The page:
MUMBAI: Asia’s electric vehicle market is set to take off in 2023, as automakers from BYD to Tata and Tesla offer more affordable options to capture demand among consumers in emerging countries.
Indian carmaker Tata Motors will start delivering the Tiago electric hatchback, which local media have dubbed the “most awaited” car in India, in January. Tata said it received over 10,000 bookings within a day of opening up to reservations in October. It had topped the 20,000 mark by late November, surpassing India’s entire electric passenger vehicle sales for 2021.
The Tiago’s popularity stems largely from its 849,000 rupee (US$10,300) starting price – a significant discount from over 1 million rupees for Tata’s conventional EVs.
Tata made inroads into budget cars with the gasoline-powered compact Nano, though the model flopped over quality concerns. It is renewing a push into lower price points amid growing pressure to expand its footprint in the rapidly expanding electric market.
In China, BYD has been tapping demand for midrange models through the Dynasty and Ocean series and is on track to sell over 2 million new vehicles in 2022. The automaker is now turning its sights on the growing Southeast Asian market and has already become a popular player in Singapore.
Battery electric vehicles are taking off “faster than expected” in Southeast Asia, especially Thailand and Indonesia, according to UK-based LMC Automotive.
“There is plenty of room for new entrants to penetrate the Asean car markets, where Japanese car brands have long dominated,” the automotive researcher said.
SAIC-GM-Wuling, a member of China’s SAIC Motor Group, launched the Air EV budget compact in Indonesia in August. The model is priced around 30% of Hyundai Motor’s Ioniq EVs, and is cheaper than the gasoline-powered minivans that make up much of Japanese automakers’ sales there.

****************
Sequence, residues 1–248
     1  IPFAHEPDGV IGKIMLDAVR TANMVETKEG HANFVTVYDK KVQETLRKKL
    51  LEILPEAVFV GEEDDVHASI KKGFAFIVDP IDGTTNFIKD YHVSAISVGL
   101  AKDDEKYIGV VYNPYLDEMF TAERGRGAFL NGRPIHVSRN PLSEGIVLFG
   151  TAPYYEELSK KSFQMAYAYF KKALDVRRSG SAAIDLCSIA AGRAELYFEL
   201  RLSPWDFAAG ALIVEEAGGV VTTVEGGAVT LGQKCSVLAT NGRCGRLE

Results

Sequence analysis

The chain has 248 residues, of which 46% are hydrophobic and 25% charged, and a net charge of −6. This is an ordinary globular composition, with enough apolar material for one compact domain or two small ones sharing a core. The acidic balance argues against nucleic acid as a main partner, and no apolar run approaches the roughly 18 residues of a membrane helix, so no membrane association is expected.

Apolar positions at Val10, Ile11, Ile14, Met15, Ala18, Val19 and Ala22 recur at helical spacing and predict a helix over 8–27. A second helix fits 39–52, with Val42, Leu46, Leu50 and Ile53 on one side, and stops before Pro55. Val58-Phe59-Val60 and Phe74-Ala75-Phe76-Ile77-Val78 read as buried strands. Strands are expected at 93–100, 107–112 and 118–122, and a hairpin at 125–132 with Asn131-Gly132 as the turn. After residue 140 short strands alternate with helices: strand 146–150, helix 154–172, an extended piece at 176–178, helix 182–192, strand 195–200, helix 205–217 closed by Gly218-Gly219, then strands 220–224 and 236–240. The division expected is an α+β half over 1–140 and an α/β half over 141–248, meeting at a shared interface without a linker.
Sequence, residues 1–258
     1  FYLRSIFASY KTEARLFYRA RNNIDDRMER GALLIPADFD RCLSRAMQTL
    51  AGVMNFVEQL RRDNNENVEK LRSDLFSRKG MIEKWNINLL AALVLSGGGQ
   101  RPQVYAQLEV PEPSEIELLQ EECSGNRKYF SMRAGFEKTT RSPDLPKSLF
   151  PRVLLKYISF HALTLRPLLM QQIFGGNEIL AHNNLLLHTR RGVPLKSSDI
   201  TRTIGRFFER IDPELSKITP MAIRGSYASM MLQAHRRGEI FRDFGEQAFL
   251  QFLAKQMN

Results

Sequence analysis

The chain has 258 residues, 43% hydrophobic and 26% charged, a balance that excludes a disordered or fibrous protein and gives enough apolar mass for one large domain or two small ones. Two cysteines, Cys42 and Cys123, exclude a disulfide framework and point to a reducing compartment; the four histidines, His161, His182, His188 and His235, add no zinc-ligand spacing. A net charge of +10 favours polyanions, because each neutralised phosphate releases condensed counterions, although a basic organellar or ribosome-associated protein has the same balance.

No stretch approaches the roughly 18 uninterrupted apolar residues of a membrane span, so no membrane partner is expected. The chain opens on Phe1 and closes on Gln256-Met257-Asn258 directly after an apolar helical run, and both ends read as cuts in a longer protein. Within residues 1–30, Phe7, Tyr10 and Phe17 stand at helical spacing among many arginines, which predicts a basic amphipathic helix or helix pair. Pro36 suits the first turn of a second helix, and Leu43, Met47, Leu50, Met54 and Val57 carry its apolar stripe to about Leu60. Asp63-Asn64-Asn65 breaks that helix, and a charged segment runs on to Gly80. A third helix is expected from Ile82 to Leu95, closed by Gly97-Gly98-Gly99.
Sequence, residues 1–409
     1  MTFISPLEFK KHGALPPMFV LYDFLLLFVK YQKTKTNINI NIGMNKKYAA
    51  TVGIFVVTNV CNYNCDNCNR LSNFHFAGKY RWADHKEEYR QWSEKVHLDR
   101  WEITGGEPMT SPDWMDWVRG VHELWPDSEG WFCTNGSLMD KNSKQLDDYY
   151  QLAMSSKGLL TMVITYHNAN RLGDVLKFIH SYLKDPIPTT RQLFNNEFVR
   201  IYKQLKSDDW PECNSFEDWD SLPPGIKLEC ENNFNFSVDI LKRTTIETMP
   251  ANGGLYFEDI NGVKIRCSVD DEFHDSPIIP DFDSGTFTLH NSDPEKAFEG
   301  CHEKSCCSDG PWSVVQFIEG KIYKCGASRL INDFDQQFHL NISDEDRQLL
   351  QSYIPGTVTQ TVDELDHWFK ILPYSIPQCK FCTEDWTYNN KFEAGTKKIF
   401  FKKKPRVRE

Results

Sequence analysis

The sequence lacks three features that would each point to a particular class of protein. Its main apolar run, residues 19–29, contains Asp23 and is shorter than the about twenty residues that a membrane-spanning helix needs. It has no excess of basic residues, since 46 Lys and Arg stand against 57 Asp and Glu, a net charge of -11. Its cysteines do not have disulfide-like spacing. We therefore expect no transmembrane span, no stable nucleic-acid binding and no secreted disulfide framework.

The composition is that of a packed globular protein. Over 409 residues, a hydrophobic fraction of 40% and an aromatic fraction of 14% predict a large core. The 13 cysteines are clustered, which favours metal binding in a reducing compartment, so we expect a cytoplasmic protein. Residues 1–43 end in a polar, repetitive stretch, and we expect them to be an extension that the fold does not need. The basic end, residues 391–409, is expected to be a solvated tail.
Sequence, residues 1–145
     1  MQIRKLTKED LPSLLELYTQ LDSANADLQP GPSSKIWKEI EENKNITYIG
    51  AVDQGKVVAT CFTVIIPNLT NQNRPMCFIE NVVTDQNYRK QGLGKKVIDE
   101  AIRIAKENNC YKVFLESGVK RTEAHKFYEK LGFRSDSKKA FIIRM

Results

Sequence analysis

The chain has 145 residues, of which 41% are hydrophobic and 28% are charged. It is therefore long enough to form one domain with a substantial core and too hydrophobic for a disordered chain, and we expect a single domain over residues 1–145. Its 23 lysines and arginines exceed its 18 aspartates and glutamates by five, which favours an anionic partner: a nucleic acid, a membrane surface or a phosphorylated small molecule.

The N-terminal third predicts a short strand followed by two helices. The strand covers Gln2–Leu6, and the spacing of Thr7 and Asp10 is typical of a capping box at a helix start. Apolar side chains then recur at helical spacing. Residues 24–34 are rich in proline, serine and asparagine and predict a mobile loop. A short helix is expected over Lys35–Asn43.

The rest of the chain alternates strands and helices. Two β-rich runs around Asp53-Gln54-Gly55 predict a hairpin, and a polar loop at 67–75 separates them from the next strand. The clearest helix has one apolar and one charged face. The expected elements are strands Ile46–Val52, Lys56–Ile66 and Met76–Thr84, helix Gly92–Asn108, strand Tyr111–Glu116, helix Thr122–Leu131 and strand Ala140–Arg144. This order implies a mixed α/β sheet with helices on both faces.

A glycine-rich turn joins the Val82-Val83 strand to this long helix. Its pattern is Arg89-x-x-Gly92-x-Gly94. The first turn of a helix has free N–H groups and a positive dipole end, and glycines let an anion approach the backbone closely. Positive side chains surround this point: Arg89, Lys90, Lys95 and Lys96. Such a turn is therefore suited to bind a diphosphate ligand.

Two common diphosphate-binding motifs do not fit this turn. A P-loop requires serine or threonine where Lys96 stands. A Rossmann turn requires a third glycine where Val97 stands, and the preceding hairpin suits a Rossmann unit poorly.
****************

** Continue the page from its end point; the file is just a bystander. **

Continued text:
The Air EV now holds over 70% of electric sales in Indonesia. Around 300 were used as official vehicles for the Group of 20 summit in Bali last month.
Chinese state-owned carmaker Chery Automobile is also making inroads in Indonesia. It announced plans to invest around US$1 billion in the country to build a factory there with an annual production capacity of 200,000 vehicles. It will start selling EVs in Indonesia as early as 2023, local media report.
In Vietnam, local conglomerate Vingroup pledged to stop gasoline-powered vehicles this year. It began exporting EVs priced at around half that of Teslas to the US at the end of November. It has also cut prices at home by leasing EV batteries, which make up a large portion of the vehicles’ costs, and by taking advantage of government incentives.
Tesla is accelerating its own push into Asia in response to the rise of local players. The company decided to officially enter Thailand, its second Southeast Asian market after Singapore. Tesla will start deliveries in the first quarter of next year and begin establishing a network of auto centres and charging stations. The Model 3 will start at 1.75 million baht (US$50,400), which is about a third less than a comparable imported vehicle.
Meanwhile, Hyundai’s Ioniq series has found fans in South Korea, Europe and other markets. It is targeting younger customers in Indonesia, where it is competing with Chinese rivals on price.
Yulon Motor could emerge as a player in 2023 as well. The Taiwanese automaker is slated to begin delivery of the Luxgen n7, its first retail electric car, in the second half of the year.
Apple supplier Hon Hai Precision Industry, also known as Foxconn, operates a joint venture with Yulon. It also separately produces EVs in the US, and is partnering with Thai state oil company PTT to build a factory in Thailand.
Japanese automakers are also making efforts to maintain a grip on Asian markets. Toyota Motor recently launched the bZ4X in Thailand, which is its first electric vehicle outside the Lexus brand. It plans to take advantage of Thai EV subsidies to expand its footprint in the country.